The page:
Marshal of France

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Baton of a modern Marshal of France.
Imperial coat of arms of marshal of the First French Empire prince Józef Poniatowski with Légion d'honneur, Order of the White Eagle, Virtuti Militari insignia.
Marshal of France shoulder insignia

The Marshal of France (French: Maréchal de France, plural Maréchaux de France) is a military distinction in contemporary France, not a military rank. It is granted to generals for exceptional achievements. It was one of the Great Officers of the Crown of France during the Ancien Régime and Bourbon Restoration and one of the Great Dignitaries of the Empire during the First French Empire (when the title was not "Marshal of France" but "Marshal of the Empire").

A Marshal of France displays seven stars. The marshal also receives a baton, a blue cylinder with stars, formerly fleurs-de-lis during the monarchy and Eagles during the First French Empire. It has the Latin inscription: Terror belli, decus pacis, which means "terror in war, ornament in peace".

Six Marshals of France have been given the even more exalted rank of Marshal General of France: Biron, Lesdiguières, Turenne, Villars, Saxe, and Soult.

History[edit]

The title derived from the office of marescallus Franciae created by King Philip II Augustus of France for Albéric Clément (circa 1190).

The title was abolished by the National Convention in 1793. It was restored during the First French Empire by Napoleon I as Marshal of the Empire, and then the title was given to Jean Baptiste Jules Bernadotte, sovereign Prince of Pontecorvo and later King of Sweden. Under the Bourbon Restoration, the title reverted to Marshal of France and Napoléon III kept that designation.

After the fall of Napoleon III and the Second French Empire, the Third Republic did not use the title until the First World War, when it was recreated as a military distinction and not a rank.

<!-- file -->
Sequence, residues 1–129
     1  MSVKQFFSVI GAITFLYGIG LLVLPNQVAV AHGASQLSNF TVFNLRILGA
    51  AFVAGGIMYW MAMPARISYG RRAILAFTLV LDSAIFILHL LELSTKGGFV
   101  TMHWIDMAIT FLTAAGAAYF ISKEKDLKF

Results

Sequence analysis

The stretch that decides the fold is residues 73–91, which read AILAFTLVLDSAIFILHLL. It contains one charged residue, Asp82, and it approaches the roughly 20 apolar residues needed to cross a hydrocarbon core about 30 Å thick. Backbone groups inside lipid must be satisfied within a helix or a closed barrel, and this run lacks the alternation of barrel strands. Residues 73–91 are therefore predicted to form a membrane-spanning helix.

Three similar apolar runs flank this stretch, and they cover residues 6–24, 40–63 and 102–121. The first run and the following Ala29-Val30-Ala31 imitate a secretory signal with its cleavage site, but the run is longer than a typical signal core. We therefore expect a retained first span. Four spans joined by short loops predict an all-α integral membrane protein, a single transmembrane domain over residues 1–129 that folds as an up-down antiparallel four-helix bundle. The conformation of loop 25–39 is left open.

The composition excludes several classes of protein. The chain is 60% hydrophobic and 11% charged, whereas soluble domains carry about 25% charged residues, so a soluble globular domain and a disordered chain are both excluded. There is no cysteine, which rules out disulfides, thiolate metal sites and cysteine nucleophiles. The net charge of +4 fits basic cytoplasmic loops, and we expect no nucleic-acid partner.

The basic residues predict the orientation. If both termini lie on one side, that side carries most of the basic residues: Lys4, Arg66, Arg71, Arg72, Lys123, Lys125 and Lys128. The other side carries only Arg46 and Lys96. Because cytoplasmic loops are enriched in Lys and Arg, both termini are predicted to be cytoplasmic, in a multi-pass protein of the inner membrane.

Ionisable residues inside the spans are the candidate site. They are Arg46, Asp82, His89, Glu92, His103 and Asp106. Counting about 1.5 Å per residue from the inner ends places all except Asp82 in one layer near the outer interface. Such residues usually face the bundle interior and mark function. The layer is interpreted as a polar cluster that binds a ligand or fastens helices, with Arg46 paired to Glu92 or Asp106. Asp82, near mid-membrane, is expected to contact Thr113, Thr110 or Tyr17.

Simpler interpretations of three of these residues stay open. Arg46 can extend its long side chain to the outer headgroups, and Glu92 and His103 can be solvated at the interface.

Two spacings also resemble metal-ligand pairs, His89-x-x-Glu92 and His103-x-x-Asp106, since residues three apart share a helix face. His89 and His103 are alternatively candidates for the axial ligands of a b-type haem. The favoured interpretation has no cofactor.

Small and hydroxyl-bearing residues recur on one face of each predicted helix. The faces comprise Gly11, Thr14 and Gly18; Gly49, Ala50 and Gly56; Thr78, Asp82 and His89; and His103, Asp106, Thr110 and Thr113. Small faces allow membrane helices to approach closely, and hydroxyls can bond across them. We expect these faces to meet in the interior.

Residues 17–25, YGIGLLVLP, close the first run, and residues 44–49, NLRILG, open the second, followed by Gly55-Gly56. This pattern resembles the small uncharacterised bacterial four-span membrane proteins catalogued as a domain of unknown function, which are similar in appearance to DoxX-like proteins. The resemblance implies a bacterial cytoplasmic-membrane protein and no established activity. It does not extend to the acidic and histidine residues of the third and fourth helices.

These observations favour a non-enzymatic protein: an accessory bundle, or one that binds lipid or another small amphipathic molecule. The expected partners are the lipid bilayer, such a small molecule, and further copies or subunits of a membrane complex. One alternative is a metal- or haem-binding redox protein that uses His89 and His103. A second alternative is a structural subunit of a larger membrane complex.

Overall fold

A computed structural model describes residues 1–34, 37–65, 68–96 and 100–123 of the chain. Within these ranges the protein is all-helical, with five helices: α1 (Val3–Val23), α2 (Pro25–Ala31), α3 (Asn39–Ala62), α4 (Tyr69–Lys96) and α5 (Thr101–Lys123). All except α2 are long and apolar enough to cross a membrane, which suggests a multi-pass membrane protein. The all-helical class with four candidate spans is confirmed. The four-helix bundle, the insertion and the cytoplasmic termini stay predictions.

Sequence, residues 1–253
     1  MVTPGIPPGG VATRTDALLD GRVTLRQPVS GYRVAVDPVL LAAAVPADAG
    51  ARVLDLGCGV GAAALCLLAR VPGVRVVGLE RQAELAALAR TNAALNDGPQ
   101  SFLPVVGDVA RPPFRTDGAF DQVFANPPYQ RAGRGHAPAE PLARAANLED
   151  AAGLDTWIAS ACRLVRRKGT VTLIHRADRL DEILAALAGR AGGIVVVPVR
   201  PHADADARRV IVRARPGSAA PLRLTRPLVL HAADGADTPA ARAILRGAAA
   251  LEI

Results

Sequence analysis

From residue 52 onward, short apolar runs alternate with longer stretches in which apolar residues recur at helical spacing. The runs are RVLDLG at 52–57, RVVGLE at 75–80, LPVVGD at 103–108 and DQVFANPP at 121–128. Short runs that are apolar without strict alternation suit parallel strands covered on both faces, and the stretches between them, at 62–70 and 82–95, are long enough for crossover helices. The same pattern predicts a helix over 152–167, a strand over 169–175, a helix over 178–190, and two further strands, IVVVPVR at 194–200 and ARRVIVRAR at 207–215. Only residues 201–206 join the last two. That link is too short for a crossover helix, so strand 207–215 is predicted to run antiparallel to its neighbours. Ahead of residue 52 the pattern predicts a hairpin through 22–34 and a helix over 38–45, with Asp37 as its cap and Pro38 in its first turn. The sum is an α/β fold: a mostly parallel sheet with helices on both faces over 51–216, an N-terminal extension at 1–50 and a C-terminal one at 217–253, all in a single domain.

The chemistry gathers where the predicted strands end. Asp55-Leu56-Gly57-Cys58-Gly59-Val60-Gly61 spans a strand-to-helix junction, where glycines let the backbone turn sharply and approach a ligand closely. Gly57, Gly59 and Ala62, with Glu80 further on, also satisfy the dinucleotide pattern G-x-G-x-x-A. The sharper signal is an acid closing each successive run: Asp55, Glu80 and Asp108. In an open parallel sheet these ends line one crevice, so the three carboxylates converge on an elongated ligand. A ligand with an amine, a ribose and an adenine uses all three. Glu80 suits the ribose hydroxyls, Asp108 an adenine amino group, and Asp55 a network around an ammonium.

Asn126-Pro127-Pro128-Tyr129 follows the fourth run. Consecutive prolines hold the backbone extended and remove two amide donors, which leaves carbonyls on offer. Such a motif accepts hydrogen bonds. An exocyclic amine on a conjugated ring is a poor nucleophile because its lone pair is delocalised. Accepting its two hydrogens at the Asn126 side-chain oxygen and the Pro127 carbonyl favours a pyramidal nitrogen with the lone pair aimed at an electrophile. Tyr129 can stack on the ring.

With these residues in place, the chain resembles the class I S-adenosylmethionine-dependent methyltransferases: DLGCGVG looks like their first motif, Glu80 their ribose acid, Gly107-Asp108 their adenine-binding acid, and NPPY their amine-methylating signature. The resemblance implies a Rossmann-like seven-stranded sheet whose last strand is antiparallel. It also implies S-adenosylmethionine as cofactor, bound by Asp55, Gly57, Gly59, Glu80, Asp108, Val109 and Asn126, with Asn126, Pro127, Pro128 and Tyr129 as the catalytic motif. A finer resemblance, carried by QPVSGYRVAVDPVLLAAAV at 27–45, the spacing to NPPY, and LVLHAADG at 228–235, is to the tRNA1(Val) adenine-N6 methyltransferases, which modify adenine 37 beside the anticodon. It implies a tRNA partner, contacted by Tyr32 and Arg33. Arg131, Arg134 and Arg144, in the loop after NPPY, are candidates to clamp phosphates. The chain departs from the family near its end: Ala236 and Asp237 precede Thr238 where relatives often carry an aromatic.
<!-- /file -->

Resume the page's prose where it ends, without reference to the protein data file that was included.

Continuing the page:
Philippe Pétain, awarded the distinction of Marshal of France for his generalship in World War I, retained his title even after his trial and imprisonment and after he was stripped of other positions and titles.

The last living Marshal of France was Alphonse Juin, promoted in 1952, who died in 1967. The latest Marshal of France was Marie Pierre Kœnig, who was made a Marshal posthumously in 1984.

Today, the title of Marshal of France can only be granted to a general officer who fought victoriously in war-time.

Direct Capetians[edit]

Philip II, 1180–1223[edit]

Louis IX, 1226–1270[edit]

Philip III, 1270–1285[edit]

Philip IV, 1285–1314[edit]

Louis X, 1314–1316[edit]

Philip V, 1316–1322[edit]

Charles IV, 1322–1328[edit]

Valois[edit]

Philip VI, 1328–1350[edit]

John II 1350–1364[edit]

Charles V, 1364–1380[edit]

Charles VI, 1380–1422[edit]

Charles VII, 1422–1461[edit]

  • Amaury de Séverac, Lord of Beaucaire and of Chaude-Aigues (died 1427), Marshal of France in 1424
  • Jean de Brosse, Baron of Boussac and of Sainte-Sévère (1375–1433), Marshal of France in 1426
  • Gilles de Rais, Lord of Ingrande and of Champtocé (1404–1440), Marshal of France in 1429
  • André de Laval-Montmorency, Lord of Lohéac and of Retz (1408–1486), Marshal of France in 1439
  • Philippe de Culant, Lord of Jaloignes, of La Croisette, of Saint-Armand and of Chalais (died 1454), Marshal of France in 1441
  • Jean Poton de Xaintrailles, Seneschal de Limousin (1390–1461), Marshal of France in 1454

Louis XI, 1461–1483[edit]

Charles VIII, 1483–1498[edit]

Valois-Orléans[edit]

Louis XII, 1498–1515[edit]

Valois-Angoulême[edit]

Francis I 1515–1547[edit]

Henry II 1547-1559[edit]

Francis II 1559–1560[edit]

Charles IX, 1560–1574[edit]

Henry III 1574–1589[edit]

Bourbons[edit]

Marshal baton during the monarchy

Henry IV 1589–1610[edit]

Louis XIII, 1610–1643[edit]

Louis XIV, 1643–1715[edit]

Louis XV, 1715–1774[edit]

Louis XVI, 1774–1792[edit]

Baton of the Napoleonic Marshals

First Empire[edit]

Main article: Marshal of the Empire

Napoleon I, 1804–1814/1815[3][edit]

Napoleon created twenty-six Marshals of the Empire:

Michel Ney in his uniform of Marshal of the Empire

The names of many of these have been given to successive stretches of an avenue encircling Paris, which has thus been nicknamed the Boulevards des Maréchaux (Boulevards of the Marshals).

Restoration[edit]

Louis XVIII, 1815–1824[edit]

Charles X, 1824–1830[edit]

July Monarchy[edit]

Louis-Philippe 1830–1848[edit]

Second Republic[edit]

Louis-Napoleon Bonaparte, 1848–1852[edit]

Second Empire[edit]

Napoleon III, 1852–1870[edit]

Third Republic[edit]

Foch's decorations displayed for his funerals, including his Legion of Honor and his three Marshal batons (British, French and Polish).

Raymond Poincaré, 1913–1920[edit]

Alexandre Millerand, 1920–1924[edit]

Fourth Republic[edit]

Vincent Auriol, 1947–1954[edit]

Fifth Republic[edit]

François Mitterrand, 1981–1995[edit]

See also[edit]

References[edit]

  1. ^ [1]
  2. ^ Encyclopædia Britannica, Vol 23, Ed. Hugh Chisholm, (1911), 719.
  3. ^ R P Dunn-Pattison Napoleon's Marshals Methuen 1909 - Reprinted Empiricus Books 2001